Education: This photo contains a mystery: Where was this scene of participants in the York County Teachers Institute taken in 1910? Teachers from the far ends of the county met in York, Pa., for this training. They came together for this photographer, submitted by southeastern York County’s Roger Wilson. The original photo is four-feet wide. Roger emailed that the original belongs to Nancy McFadden, a retired teacher, who lives south of Fawn Grove. Her grandmother was a York County teacher and is posing in the photo. Roger explained that Doug Washburn, Nancy’s cousin, makes digital images from old photos. ‘Scanning the original did not work so Doug took four digital photographs and then “stitched them together,” ‘ he wrote. He also provided this detail: 73 people pose in the front row and an estimated 300 people are in the photo. But where is this scene? Could it be at the York Collegiate Institute on College Avenue? The former Hannah Penn Middle School, also on College Avenue? The old York Post Office on South George Street was a venue for photos, but it wasn’t built until 1912. Comment below if you can figure it out. (Update: 3/19/14 – Some readers did figure it out. See comments at the end of this post.) Also of interest: York County’s former Teachers’ Institutes: ‘Head train the hand. Hand train the head’.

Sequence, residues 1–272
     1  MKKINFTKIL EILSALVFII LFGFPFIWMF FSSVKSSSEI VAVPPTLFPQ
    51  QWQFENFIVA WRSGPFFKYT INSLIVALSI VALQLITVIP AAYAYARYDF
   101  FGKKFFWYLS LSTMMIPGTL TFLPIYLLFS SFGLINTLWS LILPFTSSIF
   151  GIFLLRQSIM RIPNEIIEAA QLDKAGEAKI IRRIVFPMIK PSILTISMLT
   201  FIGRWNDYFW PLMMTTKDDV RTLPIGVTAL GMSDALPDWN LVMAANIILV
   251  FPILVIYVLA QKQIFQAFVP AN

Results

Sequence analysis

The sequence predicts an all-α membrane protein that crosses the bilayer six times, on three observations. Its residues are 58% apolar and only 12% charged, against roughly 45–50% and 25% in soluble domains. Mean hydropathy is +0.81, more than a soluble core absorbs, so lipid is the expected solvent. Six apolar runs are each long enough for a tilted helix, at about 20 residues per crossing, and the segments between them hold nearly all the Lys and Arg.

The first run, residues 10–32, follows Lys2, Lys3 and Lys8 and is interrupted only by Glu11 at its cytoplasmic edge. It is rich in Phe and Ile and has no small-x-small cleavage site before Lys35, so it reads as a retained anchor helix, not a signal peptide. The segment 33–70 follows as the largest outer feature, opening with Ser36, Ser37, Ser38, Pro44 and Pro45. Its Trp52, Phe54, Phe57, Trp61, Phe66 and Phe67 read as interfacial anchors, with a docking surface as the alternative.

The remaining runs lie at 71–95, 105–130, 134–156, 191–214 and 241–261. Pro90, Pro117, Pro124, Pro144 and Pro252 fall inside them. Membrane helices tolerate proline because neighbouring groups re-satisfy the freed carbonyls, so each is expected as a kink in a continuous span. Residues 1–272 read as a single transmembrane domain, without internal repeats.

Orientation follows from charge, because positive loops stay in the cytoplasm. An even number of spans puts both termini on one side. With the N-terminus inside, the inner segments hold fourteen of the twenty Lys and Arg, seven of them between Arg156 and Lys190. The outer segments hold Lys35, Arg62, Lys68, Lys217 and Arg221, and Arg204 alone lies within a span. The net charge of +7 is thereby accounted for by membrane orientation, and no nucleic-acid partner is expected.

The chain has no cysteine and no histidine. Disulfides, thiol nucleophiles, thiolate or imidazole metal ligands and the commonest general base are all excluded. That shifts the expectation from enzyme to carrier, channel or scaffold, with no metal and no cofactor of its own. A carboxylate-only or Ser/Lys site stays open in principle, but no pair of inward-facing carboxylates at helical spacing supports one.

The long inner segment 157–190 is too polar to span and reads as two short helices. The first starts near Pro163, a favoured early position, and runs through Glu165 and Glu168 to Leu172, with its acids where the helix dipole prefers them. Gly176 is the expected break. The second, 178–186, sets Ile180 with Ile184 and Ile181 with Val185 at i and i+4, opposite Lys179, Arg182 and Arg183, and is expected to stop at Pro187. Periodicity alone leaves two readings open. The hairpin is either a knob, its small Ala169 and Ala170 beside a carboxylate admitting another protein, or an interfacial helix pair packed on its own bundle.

4 more scenes of York County life …
1. Agriculture: Former York County artist Cliff Satterthwaite sent this scene capturing county farm life: ‘(L)ovely twin bank barns with a romantic clover field in front!’ he wrote. The location is unknown but the artist associated it with Kmart or another such discount retailer. If you can ID this site, please comment below.
2. Recreation: Now this scene show has changed but it’s no mystery. It’s the former Playland recreational complex in Springettsbury Township, courtesy of Bob Sallade. For details, check out: Readers share memories of roller skating at Playland.
3. Transportation: Buffy Andrews over at Buffy’s World posted two engaging postcard views of Dover’s Main Street, complete with trolley and its tracks.That just about the end of the trolley line in that direction. The far-flung trolley system ran to and from Bittersville, Hanover, York Haven, Wrightsville – and Dover.
4. Family life: Any album of York/Adams life needs to include a portrait. This one show one of York County’s most accomplished in the 20th century. Can you ID it?